- Associated Press - Thursday, March 5, 2015

TOPEKA, Kan. (AP) - After a tense hearing a day earlier, the Senate Judiciary Committee is set to vote Thursday on whether to endorse Republican Gov. Sam Brownback’s nominee to the Kansas Court of Appeals.

Kathryn Gardner faced tough questions Wednesday from Committee Chairman Sen. Jeff King, a Republican from Independence who questioned Gardner’s qualifications. Gardner has served as the law clerk for U.S. District Judge Sam Crow since 2000 after spending 12 years as a practicing lawyer in Wichita and two years as an assistant state attorney general.

King compared Gardner’s background to that of presidential counsel Harriet Miers, whose 2005 nomination to the U.S. Supreme Court was eventually withdrawn after critics claimed she lacked experience and was too close to President George W. Bush. King said that Gardner was similar to Miers in that her own experience and writings did not leave a “paper trail” from which lawmakers could discern her legal philosophy or stance on controversial issues.

Gardner said that she has not clearly stated her opinions on specific legal issues because law clerks are discouraged from doing so.

According to the documents Gardner submitted to the Senate along with her application, she primarily litigated and authored law papers on contract and employment disputes through her career. But she also presented work on the Religious Freedom Restoration Act of 1993, which made it easier for people to opt out of government regulations on religious grounds, and the legalities of homeschooling children, which she wrote in 2001 was “once the backbone of education in this country.”

In the 2001 paper, she wrote that homeschooled students should have access to sports and other extracurricular activities in public schools, but that “the community is the loser” in lawsuits seeking to grant homeschooled students such access because of the great cost to both sides. The Senate passed a bill in February that would force public schools to accept homeschooled students on sports teams. The bill has now moved to the House.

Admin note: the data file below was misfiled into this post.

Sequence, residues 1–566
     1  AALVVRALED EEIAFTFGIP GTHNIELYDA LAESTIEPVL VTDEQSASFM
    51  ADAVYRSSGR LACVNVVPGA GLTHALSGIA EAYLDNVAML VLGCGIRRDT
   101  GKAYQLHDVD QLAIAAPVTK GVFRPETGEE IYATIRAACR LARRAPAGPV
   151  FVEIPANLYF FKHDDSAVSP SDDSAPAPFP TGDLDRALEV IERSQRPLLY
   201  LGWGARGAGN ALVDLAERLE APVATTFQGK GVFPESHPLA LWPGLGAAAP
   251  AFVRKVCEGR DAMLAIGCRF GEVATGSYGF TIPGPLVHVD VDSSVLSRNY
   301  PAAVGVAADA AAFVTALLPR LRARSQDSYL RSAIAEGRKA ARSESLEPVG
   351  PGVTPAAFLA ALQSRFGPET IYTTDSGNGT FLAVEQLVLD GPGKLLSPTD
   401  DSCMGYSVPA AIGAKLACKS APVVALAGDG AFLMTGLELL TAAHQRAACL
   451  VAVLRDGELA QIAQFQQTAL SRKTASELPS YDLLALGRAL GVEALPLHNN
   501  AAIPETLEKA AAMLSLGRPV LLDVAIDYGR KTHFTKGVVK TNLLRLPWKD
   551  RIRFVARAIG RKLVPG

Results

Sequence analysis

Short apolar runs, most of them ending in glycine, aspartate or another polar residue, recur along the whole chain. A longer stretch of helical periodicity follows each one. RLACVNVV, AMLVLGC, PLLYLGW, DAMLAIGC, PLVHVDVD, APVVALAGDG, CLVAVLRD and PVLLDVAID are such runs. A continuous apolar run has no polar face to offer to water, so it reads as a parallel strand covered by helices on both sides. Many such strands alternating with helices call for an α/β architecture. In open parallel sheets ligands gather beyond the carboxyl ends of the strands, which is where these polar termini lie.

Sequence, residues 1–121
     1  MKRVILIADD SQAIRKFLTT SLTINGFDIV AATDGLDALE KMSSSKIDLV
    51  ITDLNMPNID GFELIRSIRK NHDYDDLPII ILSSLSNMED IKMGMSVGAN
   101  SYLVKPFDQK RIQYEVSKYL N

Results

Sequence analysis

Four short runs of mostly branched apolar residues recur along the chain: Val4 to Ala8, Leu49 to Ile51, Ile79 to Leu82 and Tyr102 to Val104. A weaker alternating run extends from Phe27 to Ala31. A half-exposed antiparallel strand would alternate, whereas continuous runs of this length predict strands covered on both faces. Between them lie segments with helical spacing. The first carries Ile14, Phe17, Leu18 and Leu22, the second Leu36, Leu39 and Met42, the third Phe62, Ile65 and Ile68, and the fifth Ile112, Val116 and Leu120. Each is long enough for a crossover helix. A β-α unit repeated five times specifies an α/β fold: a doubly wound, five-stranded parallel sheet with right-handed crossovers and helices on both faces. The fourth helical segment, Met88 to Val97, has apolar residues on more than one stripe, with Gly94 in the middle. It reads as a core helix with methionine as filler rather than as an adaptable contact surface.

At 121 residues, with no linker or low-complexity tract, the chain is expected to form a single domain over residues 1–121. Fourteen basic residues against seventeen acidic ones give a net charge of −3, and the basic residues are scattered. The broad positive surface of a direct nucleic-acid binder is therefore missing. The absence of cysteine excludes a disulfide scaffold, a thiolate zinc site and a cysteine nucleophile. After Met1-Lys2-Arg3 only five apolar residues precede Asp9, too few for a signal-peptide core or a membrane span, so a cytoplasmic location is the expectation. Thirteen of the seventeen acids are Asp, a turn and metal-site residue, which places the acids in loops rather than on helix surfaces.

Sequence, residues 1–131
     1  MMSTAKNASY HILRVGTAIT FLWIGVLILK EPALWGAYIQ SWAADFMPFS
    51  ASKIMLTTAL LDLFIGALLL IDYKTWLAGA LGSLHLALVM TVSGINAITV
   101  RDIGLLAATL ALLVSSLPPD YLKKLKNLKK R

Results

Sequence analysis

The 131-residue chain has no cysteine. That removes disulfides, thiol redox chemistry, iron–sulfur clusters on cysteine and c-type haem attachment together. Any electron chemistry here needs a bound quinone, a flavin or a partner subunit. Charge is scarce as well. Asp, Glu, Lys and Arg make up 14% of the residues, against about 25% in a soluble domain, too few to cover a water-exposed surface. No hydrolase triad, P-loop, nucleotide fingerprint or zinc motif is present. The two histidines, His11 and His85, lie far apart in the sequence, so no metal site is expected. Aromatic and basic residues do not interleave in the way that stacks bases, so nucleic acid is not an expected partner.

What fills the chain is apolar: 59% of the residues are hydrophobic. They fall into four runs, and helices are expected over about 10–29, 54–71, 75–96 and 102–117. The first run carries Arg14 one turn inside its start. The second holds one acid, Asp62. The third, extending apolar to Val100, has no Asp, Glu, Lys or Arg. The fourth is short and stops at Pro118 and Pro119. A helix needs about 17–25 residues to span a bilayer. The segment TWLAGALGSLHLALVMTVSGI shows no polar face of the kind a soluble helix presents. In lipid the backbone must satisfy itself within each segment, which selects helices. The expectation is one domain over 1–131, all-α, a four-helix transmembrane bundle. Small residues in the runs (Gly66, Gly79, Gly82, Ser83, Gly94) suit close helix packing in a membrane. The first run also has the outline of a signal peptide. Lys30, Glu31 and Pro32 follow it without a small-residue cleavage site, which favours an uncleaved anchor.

Gardner also disclosed that she both taught and studied at seminars organized by the conservative law group Alliance Defending Freedom. She presented at the alliance’s events four times from 2000 to 2003 and counted five hours of training on “neo-discrimination” by the organization toward her 12 required hours of continuing legal education courses in 2009.

The Alliance Defending Freedom did not respond to requests for comment, but the group’s website describes it as “an alliance-building legal organization that advocates for the right of people to freely live out their faith.” The site says the group advocates and litigates against “radical anti-Christian groups,” spreading what it calls the “myth” of the separation of church and state.



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